Understanding mechanisms that underlie lung disorders is crucial to achieving optimum care and improved outcomes in pulmonary medicine. Extensive investigations have revealed that inflammation displays an active role in the pathogenesis of these diseases. The byproduct of these inflammatory reactions has been shown to propagate pulmonary disease in consonance with alteration in haemostatic balance. It is now apparent that the two phenomena constitute an interwoven relationship with protective but damaging effects, when dysregulated. However, the precise role of coagulation abnormalities in pulmonary pathology is still evolving. A large body of evidence suggests that an imbalance in intraalveolar procoagulant and fibrinolytic activities occurs in a variety of lung conditions. This imbalance may even herald a number of pulmonary diseases. Its sequelae have been observed in lung parenchyma of humans and in animal models of lung inflammation. As the pathogenesis of coagulation-related lung diseases continues to be unraveled, therapeutic measures to mitigate pulmonary disease-specific coagulopathy are emerging. Current efforts are directed at depicting multifaceted molecules capable of selective but simultaneous interference with relevant aspects of the dual coagulation-fibrinolytic pathway.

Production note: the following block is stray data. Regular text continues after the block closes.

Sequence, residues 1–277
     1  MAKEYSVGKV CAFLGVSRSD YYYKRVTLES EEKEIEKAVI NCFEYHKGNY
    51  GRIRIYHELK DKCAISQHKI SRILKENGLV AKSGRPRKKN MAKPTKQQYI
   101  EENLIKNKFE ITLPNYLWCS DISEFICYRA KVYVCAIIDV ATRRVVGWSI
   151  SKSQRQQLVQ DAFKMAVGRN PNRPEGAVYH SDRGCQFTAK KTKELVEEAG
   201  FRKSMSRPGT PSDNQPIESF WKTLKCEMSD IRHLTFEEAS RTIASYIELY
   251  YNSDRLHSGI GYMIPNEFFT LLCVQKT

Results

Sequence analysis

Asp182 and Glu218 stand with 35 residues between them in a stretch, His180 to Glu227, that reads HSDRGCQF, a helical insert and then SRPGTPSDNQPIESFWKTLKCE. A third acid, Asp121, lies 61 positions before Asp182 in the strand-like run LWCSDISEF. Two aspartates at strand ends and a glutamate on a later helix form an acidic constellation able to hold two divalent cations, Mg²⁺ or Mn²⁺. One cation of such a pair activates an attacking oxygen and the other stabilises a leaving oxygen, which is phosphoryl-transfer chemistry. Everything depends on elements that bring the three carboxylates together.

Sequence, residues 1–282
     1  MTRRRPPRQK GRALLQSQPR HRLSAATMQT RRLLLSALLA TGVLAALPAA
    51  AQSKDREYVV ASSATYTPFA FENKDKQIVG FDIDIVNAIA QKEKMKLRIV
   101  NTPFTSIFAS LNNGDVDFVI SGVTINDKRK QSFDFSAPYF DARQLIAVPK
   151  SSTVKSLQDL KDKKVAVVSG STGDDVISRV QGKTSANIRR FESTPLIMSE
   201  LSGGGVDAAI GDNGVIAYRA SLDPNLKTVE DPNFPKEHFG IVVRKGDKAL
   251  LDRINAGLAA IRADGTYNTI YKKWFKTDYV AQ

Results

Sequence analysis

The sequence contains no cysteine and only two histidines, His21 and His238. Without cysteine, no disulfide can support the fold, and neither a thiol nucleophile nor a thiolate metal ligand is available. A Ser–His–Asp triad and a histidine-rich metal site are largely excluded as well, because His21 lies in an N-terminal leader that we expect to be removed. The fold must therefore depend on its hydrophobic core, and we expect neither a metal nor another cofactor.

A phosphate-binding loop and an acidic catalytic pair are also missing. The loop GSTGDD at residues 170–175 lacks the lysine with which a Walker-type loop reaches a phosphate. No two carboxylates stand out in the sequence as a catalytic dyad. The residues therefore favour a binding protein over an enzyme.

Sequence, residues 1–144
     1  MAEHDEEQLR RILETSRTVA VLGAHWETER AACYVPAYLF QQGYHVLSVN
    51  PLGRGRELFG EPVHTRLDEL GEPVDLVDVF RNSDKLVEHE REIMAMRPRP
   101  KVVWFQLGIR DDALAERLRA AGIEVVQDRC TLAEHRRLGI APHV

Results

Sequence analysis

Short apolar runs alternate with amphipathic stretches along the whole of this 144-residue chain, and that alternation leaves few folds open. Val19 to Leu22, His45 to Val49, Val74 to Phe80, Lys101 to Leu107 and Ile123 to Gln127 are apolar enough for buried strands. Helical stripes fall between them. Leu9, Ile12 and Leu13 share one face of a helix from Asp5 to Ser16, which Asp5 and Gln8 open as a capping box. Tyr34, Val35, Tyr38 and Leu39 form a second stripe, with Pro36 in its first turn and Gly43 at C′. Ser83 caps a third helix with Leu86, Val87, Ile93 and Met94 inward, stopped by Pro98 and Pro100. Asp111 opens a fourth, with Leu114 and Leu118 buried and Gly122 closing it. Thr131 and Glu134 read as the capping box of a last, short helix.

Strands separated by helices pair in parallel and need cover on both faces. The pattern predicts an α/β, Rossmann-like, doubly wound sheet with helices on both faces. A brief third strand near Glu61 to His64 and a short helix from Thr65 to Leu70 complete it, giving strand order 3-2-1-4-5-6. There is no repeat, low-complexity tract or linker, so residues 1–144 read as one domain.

Keywords: Inflammation, coagulation, fibrinolysis, bidirectional, pulmonary, pneumonia, fibrosis, therapy
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